Jessie Diggins on body image education, why sports journalism needs more women

2018 Olympic gold medalist Jessie Diggins at a 2021 cross-country skiing World Cup stop in Ulricehamn, Sweden
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Editor’s Note: This week – February 22-28 – is National Eating Disorder Awareness Week. Since claiming gold at the 2018 PyeongChang Olympics, cross-country skier Jessie Diggins has become an advocate for eating disorder prevention, partnering with The Emily Program and opening up about her own eating disorder in her book Brave Enough. Diggins, the current overall World Cup leader, recently wrote about an experience she had after winning the 10km freestyle (aka “skate”) at the World Cup stop in Falun, Sweden. An excerpt of that post is below; Diggins’ full blog entry can be found here.


By Jessie Diggins

Given that Eating Disorder Awareness week is coming up soon, I’d like to tell you about a very interesting moment I had in the media zone after the 10km skate race, because this very clearly illustrates to me how far we still need to go in body image education.

One of the reporters asked me about my race told me that [Norwegian skier Therese] Johaug was much better than I was in the uphills, but I was faster in the downhills. Why did I think this happened? Before I could open my mouth to answer him, he steamrolled over me, hypothesizing on live TV that it was because I was so much bigger than Therese and weighed more, and that’s why I went faster. I blinked at him. I asked him to repeat the question, sure that I hadn’t understood him correctly (I had).

On what I sincerely hope was still live TV for the sake of women everywhere, I told him that he needed to learn how to talk to women. Secondly, he may never comment on a skier’s body. That is not ok. I pointed at my headgear, the Emily Program, and asked him to take a second and think about why I race with that specific logo on my head. I ultimately won that race because of my heart, not my body composition, and to suggest otherwise is harmful to every young athlete out there watching it.

I was really proud of myself here, because I didn’t let this comment throw me off. Many years ago, it would have stolen all my joy from my race and made me stay up at night questioning the size of my body and what other people thought about it. Now, I just dismiss it for what it is; one man being ignorant and insensitive, looking for clickbait.

His colleague later asked me why I was “so angry” (they love to exaggerate. When I am actually angry, you will know). I explained to him “No, I wasn’t angry…just very disappointed. It is never ok to comment on skiers bodies and I shouldn’t have to stand there and take that kind of question. Maybe you don’t consider it YOUR job to protect the next generation of women in sport from harmful body image talk…but it IS my job.”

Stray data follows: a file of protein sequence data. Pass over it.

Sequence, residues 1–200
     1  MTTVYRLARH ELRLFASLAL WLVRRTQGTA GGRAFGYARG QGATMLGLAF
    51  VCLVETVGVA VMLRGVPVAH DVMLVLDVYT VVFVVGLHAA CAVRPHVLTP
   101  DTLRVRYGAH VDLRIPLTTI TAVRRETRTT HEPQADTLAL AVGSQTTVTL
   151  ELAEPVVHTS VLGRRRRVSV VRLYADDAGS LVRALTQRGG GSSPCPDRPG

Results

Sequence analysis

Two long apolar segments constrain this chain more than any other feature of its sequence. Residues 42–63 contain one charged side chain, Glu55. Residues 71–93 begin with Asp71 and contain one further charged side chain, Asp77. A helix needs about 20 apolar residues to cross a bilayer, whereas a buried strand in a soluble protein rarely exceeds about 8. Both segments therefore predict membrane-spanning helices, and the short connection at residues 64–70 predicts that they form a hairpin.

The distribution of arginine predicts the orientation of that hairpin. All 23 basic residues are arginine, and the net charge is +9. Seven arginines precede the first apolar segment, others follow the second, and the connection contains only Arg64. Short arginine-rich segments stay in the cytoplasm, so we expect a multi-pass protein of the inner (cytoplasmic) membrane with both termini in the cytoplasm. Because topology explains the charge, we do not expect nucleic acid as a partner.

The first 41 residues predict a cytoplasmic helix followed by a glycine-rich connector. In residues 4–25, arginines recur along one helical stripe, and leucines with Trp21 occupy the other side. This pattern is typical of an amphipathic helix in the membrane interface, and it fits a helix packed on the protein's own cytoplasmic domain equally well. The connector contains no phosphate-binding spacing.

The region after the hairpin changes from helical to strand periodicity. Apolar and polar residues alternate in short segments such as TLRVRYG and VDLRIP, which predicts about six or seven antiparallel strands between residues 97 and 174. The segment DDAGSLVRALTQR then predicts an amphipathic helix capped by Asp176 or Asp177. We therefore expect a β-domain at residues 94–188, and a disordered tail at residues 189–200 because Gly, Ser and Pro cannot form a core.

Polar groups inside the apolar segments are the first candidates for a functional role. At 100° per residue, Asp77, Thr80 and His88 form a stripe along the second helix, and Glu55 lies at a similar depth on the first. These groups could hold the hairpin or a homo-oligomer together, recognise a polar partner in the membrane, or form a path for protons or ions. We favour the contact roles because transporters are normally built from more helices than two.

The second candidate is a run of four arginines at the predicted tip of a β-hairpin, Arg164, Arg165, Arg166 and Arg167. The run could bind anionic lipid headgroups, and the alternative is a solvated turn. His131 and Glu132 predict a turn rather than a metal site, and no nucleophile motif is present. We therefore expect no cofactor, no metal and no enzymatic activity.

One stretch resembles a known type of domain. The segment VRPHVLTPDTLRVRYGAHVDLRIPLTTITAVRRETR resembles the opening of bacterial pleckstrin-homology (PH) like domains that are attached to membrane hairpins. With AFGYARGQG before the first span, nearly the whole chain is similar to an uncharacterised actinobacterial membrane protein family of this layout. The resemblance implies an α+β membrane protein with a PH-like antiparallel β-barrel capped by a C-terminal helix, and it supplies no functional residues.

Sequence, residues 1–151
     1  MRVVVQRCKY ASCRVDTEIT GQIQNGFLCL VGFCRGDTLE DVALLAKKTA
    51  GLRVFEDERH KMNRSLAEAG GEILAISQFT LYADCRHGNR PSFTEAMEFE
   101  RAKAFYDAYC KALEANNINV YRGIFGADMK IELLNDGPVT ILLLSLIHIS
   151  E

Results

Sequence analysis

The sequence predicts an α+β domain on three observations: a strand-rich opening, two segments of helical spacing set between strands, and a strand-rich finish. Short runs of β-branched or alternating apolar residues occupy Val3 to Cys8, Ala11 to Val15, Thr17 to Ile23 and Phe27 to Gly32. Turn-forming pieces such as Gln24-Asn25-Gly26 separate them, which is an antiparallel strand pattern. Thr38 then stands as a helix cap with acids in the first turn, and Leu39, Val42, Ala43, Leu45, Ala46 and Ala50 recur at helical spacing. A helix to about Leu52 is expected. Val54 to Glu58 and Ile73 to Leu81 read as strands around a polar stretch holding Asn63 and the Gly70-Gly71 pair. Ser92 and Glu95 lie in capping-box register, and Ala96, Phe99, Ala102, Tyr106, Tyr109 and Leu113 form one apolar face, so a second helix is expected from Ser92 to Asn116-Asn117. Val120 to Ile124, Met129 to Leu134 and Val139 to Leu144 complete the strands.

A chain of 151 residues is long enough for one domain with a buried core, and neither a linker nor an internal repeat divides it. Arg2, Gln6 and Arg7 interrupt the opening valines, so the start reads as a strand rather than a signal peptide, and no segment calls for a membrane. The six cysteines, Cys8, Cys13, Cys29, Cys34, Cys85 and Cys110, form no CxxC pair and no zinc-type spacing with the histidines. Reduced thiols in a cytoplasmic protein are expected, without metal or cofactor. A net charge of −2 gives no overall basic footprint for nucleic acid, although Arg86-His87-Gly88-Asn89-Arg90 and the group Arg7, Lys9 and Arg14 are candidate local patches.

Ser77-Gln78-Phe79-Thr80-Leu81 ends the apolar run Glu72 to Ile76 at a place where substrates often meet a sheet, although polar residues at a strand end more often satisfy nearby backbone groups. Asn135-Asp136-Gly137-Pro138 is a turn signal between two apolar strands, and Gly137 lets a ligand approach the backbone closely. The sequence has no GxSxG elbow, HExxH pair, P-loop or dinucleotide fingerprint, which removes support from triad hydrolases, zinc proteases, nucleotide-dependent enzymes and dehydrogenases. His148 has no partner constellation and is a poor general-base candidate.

So how do we fix this?

A few things. First, don’t ever comment on someone else’s body size or shape. I can’t believe I’m still explaining to people that this will never, ever help anyone…yet here we are. The last thing we need to impress upon young athletes, male or female, is that trying to achieve a body size they may or may not be genetically able to sustain is more important than hard work, mental toughness and health.

Secondly, hire more women in sports journalism. Every time a woman asks me a question in the media zone, they (wait for it…) listen and let me answer them. They don’t try to feed me the answer they’re clearly looking for without regard to how I actually felt about my race.

I’d like to point out that I’m not condemning all men in the media space here. I’ve had many awesome interactions with the press, and I genuinely like and appreciate many of them (hi, Jason, Tom and Anders!). But I have never had a woman try to “mansplain” to me how and why I skied the way I did. I have had many, many men attempt this. I would love to see equal representation of men and women in the sports media space. I think we will get better stories out of it. And hopefully less speculation on the size of women’s bodies and how it helps or hurts their racing.

“But Jessie, you won’t change the world or even the media mix zone with a blog post. Why even try?”

Because! If even one girl reads this and realizes that 1.) people who make comments about her body composition are trying to shift focus away from her actual skills, 2.) she has the power to stop someone when they are being rude and hurtful and 3.) that she doesn’t have to stand there and take that kind of shit from anyone, ever, then it will have been worth it. Same goes for the young men out there. Take care of the body you were genetically born with. Keep it healthy, keep your brain happy, and keep a strong team around you. And that will be enough to reach your potential in sport. Just being YOU will be enough.

[RELATED: Jessie Diggins on social media’s trap: If I want to be heard, I need to play up the looks]

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